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Follow up question: Will the brake warning on the instrument cluster and control display automatically reset if I put on new pads (and possibly rotors)?
@BrianZHP....I will assume you are talking about the Brake Pad warning symbol. You will need to also replace the Sensors if they are worn thru, which usually triggers the wear warning light. One of the driver side front & passenger side rear.
Check these videos out for resetting the warning lights. The video shows resetting the oil & brake fluid change. Just scroll to the front or rear brakes with the dash button
Hope this answers your question


https://youtu.be/fAsErymaiio

https://youtu.be/b26t8TSfHDs
 

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Thank you for the info @rav31. I'm going to be doing the brakes shortly and have a follow up question before I order parts... The brake pad warning light did not come on randomly while driving. The "service due in xxxx miles" counted down to zero and that's when the warning came up. So on my dash, I have the little exclamation point warning symbol on the left side PLUS the "BRAKE" light on the right side, plus the warning on the control display saying that pads are due. (Passengers keep thinking my parking brake is on.)

So my question is whether or not the pad sensors are seeing a thin pad lining or if the service interval triggered the warning or both. Or do the pad sensors start the service interval countdown and tell the vehicle that a typical driver has XXXX miles left on the pads?

I'm used to working on my e46, so I'm not up to speed on this one yet.

Thanks again!
 

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Thank you for the info @rav31. I'm going to be doing the brakes shortly and have a follow up question before I order parts... The brake pad warning light did not come on randomly while driving. The "service due in xxxx miles" counted down to zero and that's when the warning came up. So on my dash, I have the little exclamation point warning symbol on the left side PLUS the "BRAKE" light on the right side, plus the warning on the control display saying that pads are due. (Passengers keep thinking my parking brake is on.)

So my question is whether or not the pad sensors are seeing a thin pad lining or if the service interval triggered the warning or both. Or do the pad sensors start the service interval countdown and tell the vehicle that a typical driver has XXXX miles left on the pads?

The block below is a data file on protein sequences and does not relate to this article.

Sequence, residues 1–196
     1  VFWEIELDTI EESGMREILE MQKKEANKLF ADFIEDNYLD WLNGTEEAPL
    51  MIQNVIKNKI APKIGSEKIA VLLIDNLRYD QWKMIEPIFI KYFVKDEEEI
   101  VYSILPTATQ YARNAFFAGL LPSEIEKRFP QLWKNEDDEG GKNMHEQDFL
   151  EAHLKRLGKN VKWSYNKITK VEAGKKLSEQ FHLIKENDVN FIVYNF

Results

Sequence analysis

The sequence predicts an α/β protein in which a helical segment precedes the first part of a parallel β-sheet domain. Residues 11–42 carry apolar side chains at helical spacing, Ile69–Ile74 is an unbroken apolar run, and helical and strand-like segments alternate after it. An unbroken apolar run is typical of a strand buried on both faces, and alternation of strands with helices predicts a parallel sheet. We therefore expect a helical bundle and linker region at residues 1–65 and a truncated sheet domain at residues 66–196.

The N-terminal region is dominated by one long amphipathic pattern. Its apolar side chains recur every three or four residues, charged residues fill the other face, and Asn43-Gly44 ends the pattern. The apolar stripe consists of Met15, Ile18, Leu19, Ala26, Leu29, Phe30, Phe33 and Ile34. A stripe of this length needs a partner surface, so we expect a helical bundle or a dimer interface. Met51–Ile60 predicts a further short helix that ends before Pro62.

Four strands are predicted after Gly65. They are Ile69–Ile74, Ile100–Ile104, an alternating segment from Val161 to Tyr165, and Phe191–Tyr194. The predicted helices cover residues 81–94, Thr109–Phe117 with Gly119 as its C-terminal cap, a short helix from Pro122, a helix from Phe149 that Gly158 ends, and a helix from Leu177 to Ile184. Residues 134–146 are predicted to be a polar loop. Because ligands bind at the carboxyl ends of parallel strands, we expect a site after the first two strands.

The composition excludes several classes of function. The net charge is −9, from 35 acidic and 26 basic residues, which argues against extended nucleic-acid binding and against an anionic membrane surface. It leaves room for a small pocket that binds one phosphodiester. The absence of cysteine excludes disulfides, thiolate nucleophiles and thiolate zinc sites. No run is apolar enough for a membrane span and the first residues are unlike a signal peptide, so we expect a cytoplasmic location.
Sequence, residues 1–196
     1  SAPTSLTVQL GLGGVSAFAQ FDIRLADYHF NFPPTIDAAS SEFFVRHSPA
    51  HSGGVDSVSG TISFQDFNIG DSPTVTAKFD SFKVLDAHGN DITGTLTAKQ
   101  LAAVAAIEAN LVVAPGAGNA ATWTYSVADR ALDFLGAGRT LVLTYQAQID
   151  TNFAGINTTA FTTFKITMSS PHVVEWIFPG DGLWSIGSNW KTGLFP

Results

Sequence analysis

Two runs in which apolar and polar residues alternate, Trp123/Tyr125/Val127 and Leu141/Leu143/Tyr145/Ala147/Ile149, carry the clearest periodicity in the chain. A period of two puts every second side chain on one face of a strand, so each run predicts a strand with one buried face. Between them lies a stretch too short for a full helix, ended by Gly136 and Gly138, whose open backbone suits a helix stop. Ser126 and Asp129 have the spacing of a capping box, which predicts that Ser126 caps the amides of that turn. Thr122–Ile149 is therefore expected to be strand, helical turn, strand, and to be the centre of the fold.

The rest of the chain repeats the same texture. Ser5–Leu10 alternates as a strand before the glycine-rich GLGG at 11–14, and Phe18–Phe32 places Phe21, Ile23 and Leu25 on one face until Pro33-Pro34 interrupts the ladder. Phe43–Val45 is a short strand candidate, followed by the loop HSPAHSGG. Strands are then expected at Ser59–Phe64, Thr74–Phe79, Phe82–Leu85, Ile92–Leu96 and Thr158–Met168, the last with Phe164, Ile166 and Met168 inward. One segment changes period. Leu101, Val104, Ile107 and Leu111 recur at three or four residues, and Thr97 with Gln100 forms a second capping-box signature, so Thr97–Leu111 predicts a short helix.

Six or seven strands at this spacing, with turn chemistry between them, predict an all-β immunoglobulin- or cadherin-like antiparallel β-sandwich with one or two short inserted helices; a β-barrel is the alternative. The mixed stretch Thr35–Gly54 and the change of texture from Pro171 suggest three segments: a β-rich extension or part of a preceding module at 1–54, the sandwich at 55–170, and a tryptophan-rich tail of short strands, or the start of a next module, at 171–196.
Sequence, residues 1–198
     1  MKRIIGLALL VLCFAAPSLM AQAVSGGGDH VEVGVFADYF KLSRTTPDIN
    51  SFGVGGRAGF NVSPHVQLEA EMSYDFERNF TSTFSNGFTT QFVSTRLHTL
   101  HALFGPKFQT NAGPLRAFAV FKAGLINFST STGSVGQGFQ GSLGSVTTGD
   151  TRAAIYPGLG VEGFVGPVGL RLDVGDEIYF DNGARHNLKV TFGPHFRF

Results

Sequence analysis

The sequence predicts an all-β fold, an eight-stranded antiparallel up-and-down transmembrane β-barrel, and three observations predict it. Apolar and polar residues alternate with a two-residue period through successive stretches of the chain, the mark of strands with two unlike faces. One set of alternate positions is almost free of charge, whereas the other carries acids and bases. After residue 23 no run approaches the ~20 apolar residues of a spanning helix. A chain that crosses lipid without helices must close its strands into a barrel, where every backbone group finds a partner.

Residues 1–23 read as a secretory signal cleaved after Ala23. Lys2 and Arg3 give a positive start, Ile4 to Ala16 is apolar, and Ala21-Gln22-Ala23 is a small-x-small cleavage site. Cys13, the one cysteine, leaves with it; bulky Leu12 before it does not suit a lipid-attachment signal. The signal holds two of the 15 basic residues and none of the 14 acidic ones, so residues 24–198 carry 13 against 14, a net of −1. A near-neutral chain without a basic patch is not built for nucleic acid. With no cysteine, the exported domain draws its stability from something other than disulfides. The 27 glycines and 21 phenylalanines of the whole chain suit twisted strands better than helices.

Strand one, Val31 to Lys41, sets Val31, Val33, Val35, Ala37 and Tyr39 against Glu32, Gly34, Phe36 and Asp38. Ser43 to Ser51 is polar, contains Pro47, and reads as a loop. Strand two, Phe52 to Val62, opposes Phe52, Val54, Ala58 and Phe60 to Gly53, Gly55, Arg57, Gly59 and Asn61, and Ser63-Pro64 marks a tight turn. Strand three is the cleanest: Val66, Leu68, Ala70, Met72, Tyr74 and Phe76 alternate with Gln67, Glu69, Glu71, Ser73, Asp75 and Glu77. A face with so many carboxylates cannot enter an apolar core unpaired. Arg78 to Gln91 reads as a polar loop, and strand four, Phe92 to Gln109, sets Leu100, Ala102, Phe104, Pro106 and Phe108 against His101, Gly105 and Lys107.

I'm used to working on my e46, so I'm not up to speed on this one yet.

Thanks again!
@BrianZHP.........As far as the brake sensor is concerned, it's just like your E46. Once the pads get down to a certain thickness, (that's inside pad on LF & RR) which I think is approx. 3/32", 2.4mm, .093", the plastic sensor wears away until the internal wire is worn through, allowing for an open circuit and then displaying a "warning" on the dash. To be honest, IMO, you have plenty of brake pad left at that time to drive for several thousand miles of normal driving. Some new owners to BMW panic when they see that & stop where they are.
Best thing you can do is remove wheel & check pad thickness & rotor thickness, to see where they are. BMW service centers have a "Min" thickness. see here on TIS

When we bought our CPO '15 F15 several months ago, the dash warning would display "service brakes in 3200 miles". Unfortunately, this is only a reminder that the BMW dealer put in & does not "count down". I just use a flash light & look at the pad thickness from out side the wheel to see how it's doing. In my opinion, your just wasting your $$ by replacing early. I'd need to see a picture of what your dash warnings are to try & figure if you have something else going on or not.
 

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I got the same "service brakes in 3200 miles" text message a month or two ago on the screen. They looked/measured it during the recent routine maintenance and said it's all just fine/thick.
 

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Good intell. We just started getting the 3200 mile service indication. Will pull wheels next oil change and check. Will do it at CCA event so hopefully shop will have tool for testing rotor.

For when they are needed, what pads are owners using?